JACKSONVILLE, Fla. (AP) — North Carolina coach Roy Williams looked at his team during a late-game huddle Thursday against Harvard and saw panic. The fourth-seeded Tar Heels had squandered two double-digit leads — including a 16-point advantage in the second half — turned the ball over 17 times and gave up 29 points off those miscues.
JACKSONVILLE, Fla. (AP) — North Carolina coach Roy Williams looked at his team during a late-game huddle Thursday against Harvard and saw panic.
The fourth-seeded Tar Heels had squandered two double-digit leads — including a 16-point advantage in the second half — turned the ball over 17 times and gave up 29 points off those miscues.
There was reason to be alarmed.
Now, with No. 5 seed Arkansas (27-8) on tap Saturday and a Sweet 16 berth at stake in the West Region, Williams is trying to make sure his Tar Heels (25-11) don't get downright fearful.
The Razorbacks rank seventh in the nation in turnover margin, having forced 551 turnovers in 35 games. They play a frantic, full-court-pressing game that tends to speed up opponents and force mistakes and poor shots.
"If we turn it over at the same rate we did (against Harvard), we won't have anybody left at the end of the game, including the head coach, because we're going to fight somebody, and that usually means our players," Williams said. "We've got to stay away from the silly turnovers. ...
"We've got to turn up our intensity higher than it's been all year long. We've got to turn up our toughness because you're going to be double-teamed, you're going to be triple-teamed, you can't start crying for mama to come help you."
There's little doubt turnovers will be a key to the game.
Wofford handled Arkansas' press better than most Thursday, and the tiny Terriers nearly pulled off a huge upset.
"Wofford, they matched up perfectly," Arkansas guard Michael Qualls said. "North Carolina, they're a bigger team. I feel like our press will be more effective against them."
The Tar Heels can't afford to be sloppy. In their two previous games against Southeastern Conference teams that press, they turned the ball over 19 times against Florida and 18 against Kentucky. North Carolina had been ball security late in the season, but then got careless again against Harvard and it was nearly costly.
"We're not Harvard," Qualls said.
Nope, the Razorbacks have much more size and athleticism.
"We're not really worried about the turnover thing," UNC forward J.P. Tokoto said. "We know what we can do, we know we can take care of the ball, we know we can attack under control. That's what we're going to look to do."
Aside from ball security, here are some things to know about North Carolina and Arkansas heading into Saturday's game:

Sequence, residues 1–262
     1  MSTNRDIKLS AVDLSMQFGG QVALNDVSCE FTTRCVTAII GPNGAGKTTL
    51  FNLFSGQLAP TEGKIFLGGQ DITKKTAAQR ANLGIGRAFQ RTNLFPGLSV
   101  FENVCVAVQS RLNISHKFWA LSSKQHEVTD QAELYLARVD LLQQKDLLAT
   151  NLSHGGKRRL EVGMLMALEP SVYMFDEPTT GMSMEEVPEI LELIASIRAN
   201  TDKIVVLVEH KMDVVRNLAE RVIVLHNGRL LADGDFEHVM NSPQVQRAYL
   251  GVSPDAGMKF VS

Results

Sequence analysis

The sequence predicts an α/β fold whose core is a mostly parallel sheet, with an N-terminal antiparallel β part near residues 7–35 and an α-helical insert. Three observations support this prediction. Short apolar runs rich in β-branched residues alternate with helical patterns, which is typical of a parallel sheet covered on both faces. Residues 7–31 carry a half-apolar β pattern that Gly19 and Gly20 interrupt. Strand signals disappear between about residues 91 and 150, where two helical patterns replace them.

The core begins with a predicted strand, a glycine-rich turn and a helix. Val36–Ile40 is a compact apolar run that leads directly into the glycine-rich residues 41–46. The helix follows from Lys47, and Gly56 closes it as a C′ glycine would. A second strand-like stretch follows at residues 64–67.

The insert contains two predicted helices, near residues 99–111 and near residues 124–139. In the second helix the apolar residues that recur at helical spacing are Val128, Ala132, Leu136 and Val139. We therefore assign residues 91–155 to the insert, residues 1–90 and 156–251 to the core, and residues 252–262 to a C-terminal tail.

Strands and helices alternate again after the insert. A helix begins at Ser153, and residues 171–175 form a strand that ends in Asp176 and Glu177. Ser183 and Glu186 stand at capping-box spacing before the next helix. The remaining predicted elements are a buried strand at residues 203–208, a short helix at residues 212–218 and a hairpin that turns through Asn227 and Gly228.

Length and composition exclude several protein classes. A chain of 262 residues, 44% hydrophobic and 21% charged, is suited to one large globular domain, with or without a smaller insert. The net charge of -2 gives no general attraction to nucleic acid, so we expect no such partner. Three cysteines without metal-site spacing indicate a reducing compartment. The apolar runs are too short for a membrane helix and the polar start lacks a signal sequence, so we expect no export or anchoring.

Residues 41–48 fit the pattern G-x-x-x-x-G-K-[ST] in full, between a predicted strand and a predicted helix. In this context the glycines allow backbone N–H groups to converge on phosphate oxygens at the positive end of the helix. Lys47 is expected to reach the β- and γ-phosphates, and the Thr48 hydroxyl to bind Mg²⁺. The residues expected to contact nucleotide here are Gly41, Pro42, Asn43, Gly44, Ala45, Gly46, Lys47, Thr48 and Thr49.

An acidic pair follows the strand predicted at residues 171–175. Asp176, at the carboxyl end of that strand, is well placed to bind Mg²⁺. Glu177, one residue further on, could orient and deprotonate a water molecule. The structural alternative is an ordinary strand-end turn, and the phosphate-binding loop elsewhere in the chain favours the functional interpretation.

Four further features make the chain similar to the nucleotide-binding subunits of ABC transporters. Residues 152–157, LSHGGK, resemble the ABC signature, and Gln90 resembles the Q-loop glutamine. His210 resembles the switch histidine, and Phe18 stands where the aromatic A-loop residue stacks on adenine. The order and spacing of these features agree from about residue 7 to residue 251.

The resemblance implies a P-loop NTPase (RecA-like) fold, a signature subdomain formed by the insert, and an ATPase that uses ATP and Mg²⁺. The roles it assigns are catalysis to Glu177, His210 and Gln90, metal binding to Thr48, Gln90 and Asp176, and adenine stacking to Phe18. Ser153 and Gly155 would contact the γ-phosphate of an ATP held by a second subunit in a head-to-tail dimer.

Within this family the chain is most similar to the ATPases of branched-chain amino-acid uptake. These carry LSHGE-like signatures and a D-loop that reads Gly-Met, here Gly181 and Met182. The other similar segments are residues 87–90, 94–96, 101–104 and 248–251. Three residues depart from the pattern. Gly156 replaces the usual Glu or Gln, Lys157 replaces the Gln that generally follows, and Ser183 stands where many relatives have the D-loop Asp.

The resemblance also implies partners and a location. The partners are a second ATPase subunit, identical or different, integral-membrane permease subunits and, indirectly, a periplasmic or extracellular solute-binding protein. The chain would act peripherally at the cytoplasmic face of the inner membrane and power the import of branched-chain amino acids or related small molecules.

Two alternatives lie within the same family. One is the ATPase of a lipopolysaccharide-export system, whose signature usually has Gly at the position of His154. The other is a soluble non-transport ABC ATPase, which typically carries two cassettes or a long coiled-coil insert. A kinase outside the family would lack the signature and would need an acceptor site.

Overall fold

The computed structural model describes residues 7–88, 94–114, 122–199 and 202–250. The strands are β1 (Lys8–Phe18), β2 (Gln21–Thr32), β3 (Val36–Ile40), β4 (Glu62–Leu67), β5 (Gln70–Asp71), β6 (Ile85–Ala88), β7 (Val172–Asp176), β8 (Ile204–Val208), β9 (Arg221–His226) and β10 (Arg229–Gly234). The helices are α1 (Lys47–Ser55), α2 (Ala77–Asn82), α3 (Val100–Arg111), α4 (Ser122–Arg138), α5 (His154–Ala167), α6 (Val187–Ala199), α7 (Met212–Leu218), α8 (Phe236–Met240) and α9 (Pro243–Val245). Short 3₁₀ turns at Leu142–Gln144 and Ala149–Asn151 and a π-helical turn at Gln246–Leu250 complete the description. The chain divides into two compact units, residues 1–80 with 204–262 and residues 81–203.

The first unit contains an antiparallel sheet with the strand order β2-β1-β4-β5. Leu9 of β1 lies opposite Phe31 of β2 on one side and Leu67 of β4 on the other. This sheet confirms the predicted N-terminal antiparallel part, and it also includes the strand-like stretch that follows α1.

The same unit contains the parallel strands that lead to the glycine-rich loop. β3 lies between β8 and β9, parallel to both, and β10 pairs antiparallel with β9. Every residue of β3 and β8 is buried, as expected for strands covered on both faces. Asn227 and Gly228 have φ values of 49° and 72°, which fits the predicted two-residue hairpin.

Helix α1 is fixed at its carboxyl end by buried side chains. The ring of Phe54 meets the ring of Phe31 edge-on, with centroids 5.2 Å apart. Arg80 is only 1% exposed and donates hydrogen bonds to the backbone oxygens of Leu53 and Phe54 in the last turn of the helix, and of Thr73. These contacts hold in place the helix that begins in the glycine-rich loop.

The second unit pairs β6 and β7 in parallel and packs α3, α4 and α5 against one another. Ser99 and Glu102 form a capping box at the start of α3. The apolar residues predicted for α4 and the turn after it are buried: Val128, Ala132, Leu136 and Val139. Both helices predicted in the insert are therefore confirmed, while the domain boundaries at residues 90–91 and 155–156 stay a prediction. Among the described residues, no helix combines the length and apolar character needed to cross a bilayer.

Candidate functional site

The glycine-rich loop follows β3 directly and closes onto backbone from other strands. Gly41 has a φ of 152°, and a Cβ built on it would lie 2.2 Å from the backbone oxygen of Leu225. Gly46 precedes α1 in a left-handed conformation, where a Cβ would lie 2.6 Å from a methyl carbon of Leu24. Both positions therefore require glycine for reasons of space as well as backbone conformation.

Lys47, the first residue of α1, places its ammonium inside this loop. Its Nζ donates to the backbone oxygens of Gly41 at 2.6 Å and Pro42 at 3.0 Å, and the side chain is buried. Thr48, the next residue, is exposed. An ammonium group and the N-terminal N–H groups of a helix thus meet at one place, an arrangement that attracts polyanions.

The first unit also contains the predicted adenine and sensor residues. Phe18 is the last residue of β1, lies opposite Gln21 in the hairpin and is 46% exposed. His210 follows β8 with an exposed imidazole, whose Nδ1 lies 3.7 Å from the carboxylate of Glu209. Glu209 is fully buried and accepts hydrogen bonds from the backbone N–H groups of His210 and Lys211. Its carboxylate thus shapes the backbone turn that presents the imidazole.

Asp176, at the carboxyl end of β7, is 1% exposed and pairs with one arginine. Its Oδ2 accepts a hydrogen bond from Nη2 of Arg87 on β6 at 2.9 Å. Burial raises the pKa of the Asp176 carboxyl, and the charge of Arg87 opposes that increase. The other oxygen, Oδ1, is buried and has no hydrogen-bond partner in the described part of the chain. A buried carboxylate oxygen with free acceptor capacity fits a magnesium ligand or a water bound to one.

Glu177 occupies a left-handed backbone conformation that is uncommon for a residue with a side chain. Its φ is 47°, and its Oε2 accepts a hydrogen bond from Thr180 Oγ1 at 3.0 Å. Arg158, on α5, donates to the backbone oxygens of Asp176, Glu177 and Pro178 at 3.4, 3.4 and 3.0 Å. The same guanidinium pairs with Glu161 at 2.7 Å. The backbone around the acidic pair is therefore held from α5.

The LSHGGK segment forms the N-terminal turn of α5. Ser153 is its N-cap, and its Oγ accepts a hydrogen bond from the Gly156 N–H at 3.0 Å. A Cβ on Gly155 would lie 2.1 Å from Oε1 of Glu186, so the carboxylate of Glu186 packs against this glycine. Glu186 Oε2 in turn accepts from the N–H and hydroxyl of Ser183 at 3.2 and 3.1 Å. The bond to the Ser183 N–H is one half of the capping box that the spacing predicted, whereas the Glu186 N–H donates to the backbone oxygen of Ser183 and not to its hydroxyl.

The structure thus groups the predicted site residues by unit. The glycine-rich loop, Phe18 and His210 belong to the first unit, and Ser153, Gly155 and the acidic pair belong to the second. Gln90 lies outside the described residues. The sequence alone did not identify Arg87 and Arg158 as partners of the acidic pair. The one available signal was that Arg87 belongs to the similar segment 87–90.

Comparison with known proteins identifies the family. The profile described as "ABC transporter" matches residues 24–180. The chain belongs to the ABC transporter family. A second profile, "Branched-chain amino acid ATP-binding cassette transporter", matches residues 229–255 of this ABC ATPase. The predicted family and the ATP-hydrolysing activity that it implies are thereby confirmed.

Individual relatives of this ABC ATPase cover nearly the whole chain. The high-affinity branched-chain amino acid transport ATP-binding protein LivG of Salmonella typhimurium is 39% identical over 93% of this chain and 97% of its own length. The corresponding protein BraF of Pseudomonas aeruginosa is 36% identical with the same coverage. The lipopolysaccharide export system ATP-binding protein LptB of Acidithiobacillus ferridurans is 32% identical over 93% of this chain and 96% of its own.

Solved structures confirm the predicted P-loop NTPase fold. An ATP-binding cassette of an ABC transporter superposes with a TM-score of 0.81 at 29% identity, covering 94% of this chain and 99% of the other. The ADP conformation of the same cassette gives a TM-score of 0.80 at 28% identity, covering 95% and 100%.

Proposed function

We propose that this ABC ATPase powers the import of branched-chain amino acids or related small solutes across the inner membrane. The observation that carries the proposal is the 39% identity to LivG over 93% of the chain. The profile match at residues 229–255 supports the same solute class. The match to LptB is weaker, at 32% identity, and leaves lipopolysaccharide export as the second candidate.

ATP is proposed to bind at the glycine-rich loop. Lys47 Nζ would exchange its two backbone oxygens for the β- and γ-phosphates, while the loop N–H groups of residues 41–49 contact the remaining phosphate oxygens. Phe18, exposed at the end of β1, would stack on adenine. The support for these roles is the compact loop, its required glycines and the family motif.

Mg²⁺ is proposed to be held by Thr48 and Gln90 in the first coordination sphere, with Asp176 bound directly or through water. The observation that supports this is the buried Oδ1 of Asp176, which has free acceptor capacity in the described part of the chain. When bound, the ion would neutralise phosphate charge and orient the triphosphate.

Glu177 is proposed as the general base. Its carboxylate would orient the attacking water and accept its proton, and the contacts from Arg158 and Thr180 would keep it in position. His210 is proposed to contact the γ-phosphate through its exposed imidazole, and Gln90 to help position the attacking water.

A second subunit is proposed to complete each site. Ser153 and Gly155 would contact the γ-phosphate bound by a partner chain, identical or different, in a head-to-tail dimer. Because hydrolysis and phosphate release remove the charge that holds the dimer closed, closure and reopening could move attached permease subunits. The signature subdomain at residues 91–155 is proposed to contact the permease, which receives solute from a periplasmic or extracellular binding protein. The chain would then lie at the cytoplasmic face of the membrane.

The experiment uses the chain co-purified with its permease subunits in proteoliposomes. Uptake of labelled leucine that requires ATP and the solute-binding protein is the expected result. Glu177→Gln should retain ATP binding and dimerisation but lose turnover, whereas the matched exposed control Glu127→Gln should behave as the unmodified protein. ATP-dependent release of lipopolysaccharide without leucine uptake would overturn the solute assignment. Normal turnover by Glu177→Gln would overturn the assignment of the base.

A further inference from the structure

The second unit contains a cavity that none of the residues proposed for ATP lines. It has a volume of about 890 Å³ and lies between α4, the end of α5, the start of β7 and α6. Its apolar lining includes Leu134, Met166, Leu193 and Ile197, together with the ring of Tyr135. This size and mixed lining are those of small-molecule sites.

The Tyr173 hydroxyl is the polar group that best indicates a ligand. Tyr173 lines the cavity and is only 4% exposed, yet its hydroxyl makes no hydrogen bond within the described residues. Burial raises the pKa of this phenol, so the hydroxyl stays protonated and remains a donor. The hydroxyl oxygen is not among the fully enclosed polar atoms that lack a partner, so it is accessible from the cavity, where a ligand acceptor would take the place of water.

NEARING MILESTONE: Williams needs one victory to tie late coach Dean Smith for the most NCAA Tournament wins at North Carolina. Williams has 31. "I really do appreciate those kind of long-standing records," Williams said. "I do really love the tradition and the history of college basketball, so that's a pretty neat deal. I don't think I'm going to put any extra pressure on my team, though, because they look at it like it's my record, and that's not what it is."
FUN FACTS: The Razorbacks are in the NCAA Tournament for the first time since 2008, when North Carolina eliminated them 108-77 in the second round. Asked about that game, Qualls responded that he's "not too deep into the Arkansas fun facts."
ACADEMIC SCANDAL: Asked about North Carolina's academic scandal, Williams made it clear that his alma mater has not "lost its way." ''We've been going through this for three years, seems like a lifetime," he said. "Some people's attitudes or ideas are out in Never Never Land and think everything in the world is perfect. I don't happen to think everything in the world is perfect, but you can make really, really positive things if you really want to."
PASS LINE: Williams and Arkansas coach Mike Anderson have a long history together, stemming from their days as assistants under Smith and Nolan Richardson. Williams and Anderson have even been on trips together. "Mike's best characteristic is his wife. She's really helped him out a heck of a lot. I tried to teach her how to shoot craps one night and she won money, so she thinks I'm a pretty good guy."
SKY-HIGH EXPECTATIONS: SEC player of the year Bobby Portis had 15 points and 13 rebounds against Wofford, but drew criticism for missing some easy shots and making 5 of 9 from the free-throw line. "I feel like people expect me to go out there and get 30 points and 20 rebounds every game and that's not realistic. I can't just force to try to get stats or anything. It's not about that. Primarily it's about us winning."
Follow Mark Long on Twitter @APMarkLong